Also read: How to fix hard brake pedal after bleeding

how long can you drive with metal on metal brakes

How to Prevent Such Types of Problems?

It would help to have an excellent brake maintenance culture to prevent metal to metal brakes. The good thing is that brakes and some vehicle manufacturers have put in mediums to ensure that the brake pad is not overused.

For instance, some brake pads come with markings that can be seen easily through the calipers. It allows you to see what level the brake pad is at and when to change it without having to remove the brake pad and physically inspect it.

In addition, some brake pads make certain sounds when it reaches their last friction material. It would be best if the brake pads are changed before the last friction material is completely worn out

Furthermore, some car manufacturers install an electric indicator that sends alerts whenever the brake pad is worn out and due for a change.

All that is needed is a periodic check of the brake pad and paying attention to the sounds or other indications coming from the wheel of the vehicle.

How Long Can You Drive with Metal On Metal Brakes?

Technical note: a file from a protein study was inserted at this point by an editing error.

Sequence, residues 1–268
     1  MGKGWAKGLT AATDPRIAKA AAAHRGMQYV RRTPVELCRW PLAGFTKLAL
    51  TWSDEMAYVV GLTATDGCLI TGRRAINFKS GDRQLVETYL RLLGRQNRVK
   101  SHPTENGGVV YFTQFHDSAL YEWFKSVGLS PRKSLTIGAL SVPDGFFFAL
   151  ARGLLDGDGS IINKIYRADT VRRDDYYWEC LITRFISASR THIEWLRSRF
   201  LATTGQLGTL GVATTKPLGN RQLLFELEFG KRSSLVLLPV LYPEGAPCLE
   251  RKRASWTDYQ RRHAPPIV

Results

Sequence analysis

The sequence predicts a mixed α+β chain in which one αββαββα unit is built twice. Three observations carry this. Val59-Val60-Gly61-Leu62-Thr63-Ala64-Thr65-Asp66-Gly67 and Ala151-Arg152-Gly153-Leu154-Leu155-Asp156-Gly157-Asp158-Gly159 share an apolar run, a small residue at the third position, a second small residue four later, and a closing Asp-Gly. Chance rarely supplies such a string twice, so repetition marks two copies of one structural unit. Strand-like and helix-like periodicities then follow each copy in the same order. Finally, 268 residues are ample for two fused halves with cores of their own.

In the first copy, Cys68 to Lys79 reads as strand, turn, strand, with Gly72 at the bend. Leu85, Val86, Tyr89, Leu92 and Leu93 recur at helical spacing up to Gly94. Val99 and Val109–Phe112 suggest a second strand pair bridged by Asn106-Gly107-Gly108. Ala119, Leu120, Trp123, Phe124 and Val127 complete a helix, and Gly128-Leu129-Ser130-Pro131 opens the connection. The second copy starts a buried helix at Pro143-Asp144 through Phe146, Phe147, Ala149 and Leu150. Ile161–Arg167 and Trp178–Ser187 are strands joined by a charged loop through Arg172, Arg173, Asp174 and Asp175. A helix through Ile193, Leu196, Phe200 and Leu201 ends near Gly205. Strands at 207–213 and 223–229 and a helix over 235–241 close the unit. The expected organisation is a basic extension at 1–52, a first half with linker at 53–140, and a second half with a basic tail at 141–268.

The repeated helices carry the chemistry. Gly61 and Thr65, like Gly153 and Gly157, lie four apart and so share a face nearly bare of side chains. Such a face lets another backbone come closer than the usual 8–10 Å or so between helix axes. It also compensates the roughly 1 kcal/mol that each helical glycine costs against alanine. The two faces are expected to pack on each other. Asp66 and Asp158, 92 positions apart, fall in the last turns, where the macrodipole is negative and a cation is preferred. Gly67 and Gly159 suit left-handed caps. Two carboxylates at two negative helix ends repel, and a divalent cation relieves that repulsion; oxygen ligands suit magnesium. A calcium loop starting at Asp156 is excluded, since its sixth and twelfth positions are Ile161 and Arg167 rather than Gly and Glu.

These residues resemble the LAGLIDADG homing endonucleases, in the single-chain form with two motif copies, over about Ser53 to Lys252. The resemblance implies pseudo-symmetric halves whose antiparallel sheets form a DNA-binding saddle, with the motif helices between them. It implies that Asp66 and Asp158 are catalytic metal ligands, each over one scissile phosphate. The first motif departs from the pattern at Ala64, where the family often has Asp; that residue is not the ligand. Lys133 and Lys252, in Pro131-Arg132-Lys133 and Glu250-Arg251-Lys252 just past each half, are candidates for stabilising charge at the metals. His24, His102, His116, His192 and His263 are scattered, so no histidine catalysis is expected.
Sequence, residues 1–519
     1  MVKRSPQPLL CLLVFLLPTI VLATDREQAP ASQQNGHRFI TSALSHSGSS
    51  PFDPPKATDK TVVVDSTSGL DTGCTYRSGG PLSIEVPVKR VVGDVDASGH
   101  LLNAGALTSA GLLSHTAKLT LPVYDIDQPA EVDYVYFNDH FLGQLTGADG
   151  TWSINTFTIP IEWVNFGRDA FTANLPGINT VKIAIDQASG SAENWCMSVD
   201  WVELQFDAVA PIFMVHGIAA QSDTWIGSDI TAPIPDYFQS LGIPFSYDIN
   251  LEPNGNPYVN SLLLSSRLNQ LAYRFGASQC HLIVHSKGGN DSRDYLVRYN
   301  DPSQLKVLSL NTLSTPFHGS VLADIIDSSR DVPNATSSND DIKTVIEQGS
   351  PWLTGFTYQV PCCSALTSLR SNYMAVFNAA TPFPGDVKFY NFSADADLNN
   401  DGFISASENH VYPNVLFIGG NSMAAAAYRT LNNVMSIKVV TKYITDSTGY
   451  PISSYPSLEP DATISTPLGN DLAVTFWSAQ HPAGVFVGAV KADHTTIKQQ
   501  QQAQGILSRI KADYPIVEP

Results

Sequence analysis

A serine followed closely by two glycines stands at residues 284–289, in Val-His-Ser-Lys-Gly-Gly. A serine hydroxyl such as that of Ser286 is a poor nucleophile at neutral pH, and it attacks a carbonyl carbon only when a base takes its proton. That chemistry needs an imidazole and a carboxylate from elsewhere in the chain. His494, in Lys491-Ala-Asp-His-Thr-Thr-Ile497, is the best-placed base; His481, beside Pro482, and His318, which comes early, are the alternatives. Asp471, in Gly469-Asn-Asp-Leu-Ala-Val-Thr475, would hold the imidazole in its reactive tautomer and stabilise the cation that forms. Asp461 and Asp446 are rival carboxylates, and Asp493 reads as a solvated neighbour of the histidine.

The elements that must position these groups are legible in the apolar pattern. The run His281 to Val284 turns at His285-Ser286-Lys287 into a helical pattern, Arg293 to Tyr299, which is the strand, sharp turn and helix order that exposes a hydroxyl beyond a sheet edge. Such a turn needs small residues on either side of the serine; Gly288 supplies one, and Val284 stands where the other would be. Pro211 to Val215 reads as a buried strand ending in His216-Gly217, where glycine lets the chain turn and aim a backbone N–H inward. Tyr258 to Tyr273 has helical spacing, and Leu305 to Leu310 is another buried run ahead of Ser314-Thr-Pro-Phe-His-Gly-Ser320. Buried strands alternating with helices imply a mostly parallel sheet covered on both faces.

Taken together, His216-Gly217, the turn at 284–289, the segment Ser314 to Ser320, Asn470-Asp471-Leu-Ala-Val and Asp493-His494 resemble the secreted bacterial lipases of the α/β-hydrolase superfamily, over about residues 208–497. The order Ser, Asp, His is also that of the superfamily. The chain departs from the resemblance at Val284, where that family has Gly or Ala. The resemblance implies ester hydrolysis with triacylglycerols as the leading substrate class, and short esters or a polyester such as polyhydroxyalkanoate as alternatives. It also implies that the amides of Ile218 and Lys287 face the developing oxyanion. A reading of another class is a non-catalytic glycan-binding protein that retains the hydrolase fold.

Avoid driving with metal on metal brakes, as it can cause instant damage to the rotor and worn-out brake discs. Once you notice the brake pads are worn out, find a suitable fix immediately. Hitting search term like “brake repair near me” can help you know where to get smarter solution in this case.

There are temporary fix for grinding brakes or metal to metal brakes. However, this can only work for a short journey. It includes applying extra force when braking, lubricating the touching point of the brake pad and rotor, using brake cleaning, and more. 

Metal On Metal Brakes Cost of Fixing

Fixing a metal-on-metal brake will cost $150 to $350 per axle. It includes changing the brake pads. The price of changing brake pads may vary depending on the brake pad product and the vehicle model.

If you are not doing the replacement yourself, it will cost another $100 or more in labor costs. It brings the price to about $250 to $600.

You could also have extra costs depending on how long you drove with metal-on-metal brakes. The price could be on damages done to the rotor and other wheel parts.

Metal on Metal Brakes YouTube 

Final Words

Taking quick action when faced with brakes metal to metal is crucial in preventing further damage to your brake system.

When the brake pad is completely worn out, metal grinding is on the rotor. It scratches the rotor and makes it uneven, affecting braking even when you install new brake pads and leave the rotor in such a condition.

Akindayini Temiloluwa

I am passionate about everything automotive. Right from when I got my first toy car as a kid, I developed an interest in the inner workings of vehicles. As I grew up, my love for mechanical stuff became more substantial enough for me to pursue a career in it. My goal as an automotive content writer is to simplify the most challenging concepts for my readers, help them self-diagnose what may be wrong with their vehicles and offer real value for their time.